Chalicechick said...

Well, the original topic was technically the application of the "Standing on the Side of Love" campaign to a growing number of social issues and the evangelical thing was only an illustration.

I do see your point, though, that people of other faiths might well simply ignore "Standing on the side of love." In one sense, that might mean it isn't doing any harm. In another, that might mean that we're only talking to ourselves anyway, so we might want to think about a campaign that people outside of UUism might be more likely to feel kinship with.

The Dancin' Hippie said...

OK, you got me. My last comment was about the original rhetorical device, not the underlying point. I think the comments have taken a life of their own.

To the point, should the campaign slogan be applied to majority-UU-approved political ideas, I guess that would depend on if the political idea supports inclusion/rejects exclusion and oppression. So, applying it to support of pro-choice positions would be inappropriate.

Bill Baar said...

I'll come back to the details tonight, but I think SSM is one issue I would never engage anyone on without a lot of preparation.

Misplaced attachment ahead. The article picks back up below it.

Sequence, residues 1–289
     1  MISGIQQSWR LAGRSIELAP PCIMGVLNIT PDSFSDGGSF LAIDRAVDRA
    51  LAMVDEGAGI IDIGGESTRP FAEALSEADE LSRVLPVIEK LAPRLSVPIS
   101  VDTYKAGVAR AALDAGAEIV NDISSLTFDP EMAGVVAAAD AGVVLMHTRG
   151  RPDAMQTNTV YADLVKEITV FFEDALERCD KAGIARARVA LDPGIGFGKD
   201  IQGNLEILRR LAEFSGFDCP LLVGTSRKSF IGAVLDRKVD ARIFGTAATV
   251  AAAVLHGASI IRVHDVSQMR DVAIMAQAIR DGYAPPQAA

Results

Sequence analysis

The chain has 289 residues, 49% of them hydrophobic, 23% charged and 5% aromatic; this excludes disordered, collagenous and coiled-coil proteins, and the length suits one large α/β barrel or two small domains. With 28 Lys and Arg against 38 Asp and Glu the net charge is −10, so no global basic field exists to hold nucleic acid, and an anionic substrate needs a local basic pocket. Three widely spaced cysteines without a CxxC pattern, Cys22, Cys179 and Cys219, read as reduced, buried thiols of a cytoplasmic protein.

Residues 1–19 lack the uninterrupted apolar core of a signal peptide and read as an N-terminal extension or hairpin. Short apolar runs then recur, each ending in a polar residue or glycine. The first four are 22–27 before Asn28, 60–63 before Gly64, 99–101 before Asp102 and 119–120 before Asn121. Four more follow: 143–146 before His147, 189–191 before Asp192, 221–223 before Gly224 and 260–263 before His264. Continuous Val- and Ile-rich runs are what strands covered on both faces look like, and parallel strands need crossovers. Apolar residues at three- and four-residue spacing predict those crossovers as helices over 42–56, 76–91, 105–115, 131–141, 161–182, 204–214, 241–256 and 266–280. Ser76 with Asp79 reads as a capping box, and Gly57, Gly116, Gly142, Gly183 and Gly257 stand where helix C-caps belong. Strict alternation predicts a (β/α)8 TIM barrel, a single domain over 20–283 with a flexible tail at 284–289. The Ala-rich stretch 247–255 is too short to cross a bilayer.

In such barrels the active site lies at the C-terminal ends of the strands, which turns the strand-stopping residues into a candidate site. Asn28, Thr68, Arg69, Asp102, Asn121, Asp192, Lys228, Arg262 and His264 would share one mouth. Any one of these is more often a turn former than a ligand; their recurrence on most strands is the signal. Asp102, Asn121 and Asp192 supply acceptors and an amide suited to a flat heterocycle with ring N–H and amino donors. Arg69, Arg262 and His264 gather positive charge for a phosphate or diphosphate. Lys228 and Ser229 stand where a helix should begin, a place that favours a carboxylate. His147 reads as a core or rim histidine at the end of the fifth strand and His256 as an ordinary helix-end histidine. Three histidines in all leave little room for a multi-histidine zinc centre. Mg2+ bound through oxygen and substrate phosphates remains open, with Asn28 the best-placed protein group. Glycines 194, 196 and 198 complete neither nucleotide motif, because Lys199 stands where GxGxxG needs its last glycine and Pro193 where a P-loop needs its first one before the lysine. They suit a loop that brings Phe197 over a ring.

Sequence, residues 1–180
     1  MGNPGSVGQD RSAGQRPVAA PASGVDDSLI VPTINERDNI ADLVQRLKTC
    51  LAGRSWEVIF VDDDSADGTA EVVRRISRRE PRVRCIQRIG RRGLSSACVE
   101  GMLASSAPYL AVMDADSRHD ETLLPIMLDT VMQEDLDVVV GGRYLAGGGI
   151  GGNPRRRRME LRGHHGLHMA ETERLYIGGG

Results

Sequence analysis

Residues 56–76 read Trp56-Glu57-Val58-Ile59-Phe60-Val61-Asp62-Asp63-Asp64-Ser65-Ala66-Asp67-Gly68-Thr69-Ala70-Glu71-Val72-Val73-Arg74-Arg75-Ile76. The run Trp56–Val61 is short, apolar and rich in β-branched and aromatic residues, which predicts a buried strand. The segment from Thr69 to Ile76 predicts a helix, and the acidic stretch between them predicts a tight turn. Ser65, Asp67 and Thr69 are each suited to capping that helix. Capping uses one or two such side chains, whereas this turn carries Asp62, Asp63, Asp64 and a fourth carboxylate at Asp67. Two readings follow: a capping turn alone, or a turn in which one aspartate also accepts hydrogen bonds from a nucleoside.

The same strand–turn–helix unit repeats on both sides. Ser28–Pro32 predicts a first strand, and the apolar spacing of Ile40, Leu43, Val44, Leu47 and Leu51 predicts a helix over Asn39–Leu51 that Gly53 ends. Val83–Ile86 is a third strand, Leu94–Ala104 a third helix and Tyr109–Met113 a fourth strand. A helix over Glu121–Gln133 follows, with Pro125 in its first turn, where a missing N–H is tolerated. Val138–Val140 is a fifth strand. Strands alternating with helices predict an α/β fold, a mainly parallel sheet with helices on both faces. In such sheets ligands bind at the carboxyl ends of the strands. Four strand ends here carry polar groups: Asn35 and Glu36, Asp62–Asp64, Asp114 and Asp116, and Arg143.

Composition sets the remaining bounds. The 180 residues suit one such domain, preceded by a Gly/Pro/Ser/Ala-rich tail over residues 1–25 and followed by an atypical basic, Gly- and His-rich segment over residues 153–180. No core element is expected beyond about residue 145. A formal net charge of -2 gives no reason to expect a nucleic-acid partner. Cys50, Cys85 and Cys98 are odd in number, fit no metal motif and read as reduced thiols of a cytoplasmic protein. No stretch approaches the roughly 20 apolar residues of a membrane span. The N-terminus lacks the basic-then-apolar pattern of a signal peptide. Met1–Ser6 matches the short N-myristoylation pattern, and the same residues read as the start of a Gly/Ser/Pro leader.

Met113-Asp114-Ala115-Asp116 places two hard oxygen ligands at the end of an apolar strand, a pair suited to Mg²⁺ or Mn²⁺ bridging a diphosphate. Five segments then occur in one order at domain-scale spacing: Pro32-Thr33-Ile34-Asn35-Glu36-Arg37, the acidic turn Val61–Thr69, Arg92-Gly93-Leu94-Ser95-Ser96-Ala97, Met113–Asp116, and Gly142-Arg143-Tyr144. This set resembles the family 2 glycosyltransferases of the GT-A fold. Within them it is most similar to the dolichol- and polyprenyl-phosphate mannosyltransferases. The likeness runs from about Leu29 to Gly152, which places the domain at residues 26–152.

It's amazing to watch people talk completely past each other on it.

I didn't see UU's Standing on the Love message as closely linked to UU stands on SSM as CC has here.

I think engaging Evangelicals and other Christians --especially Catholics who really give the brain power to Evangelical thought I think-- on our slogan and the theology behind it would be interesting.

Just getting into the habit of linking some Evangelical sites when UU bloggers reference Evangelical thoughts would be useful engagement.

I've toyed with doing a post on Inerrancy using the Chicago Statement on just what's meant by Biblical Inerrancy useful.

When you live in Northern Industrial cities, the Evangelical presence is a lot different. It's important for UU's who are often in reaction to another faith, to understand there are many different kinds of Christianity we can be in reaction too.

Joel Monka said...

This reminds me of what the character Rimmer said in Red Dwarf- "my family is Seventh day Hopists. You see, their version of the Bible had a typo; it said,'...Faith, Hop, and Charity, and the greatest of these is Hop"- so every Sunday was spent hopping. If soup was served at lunch, you had to wear a s'wester."

My own family stopped quoting the Old Testament when I pointed out 28 passages that said there is one God, indivisable, denying the possibility of a Trinity. They've discovered it's really difficult to oppose gay marriage or witchcraft using only the New Testament.

Chalicechick said...

If anyone wants to look at what the UUA is using the slogan for currently, that's pretty easily answered by going to Standing on the Side of Love's Website.

smijer said...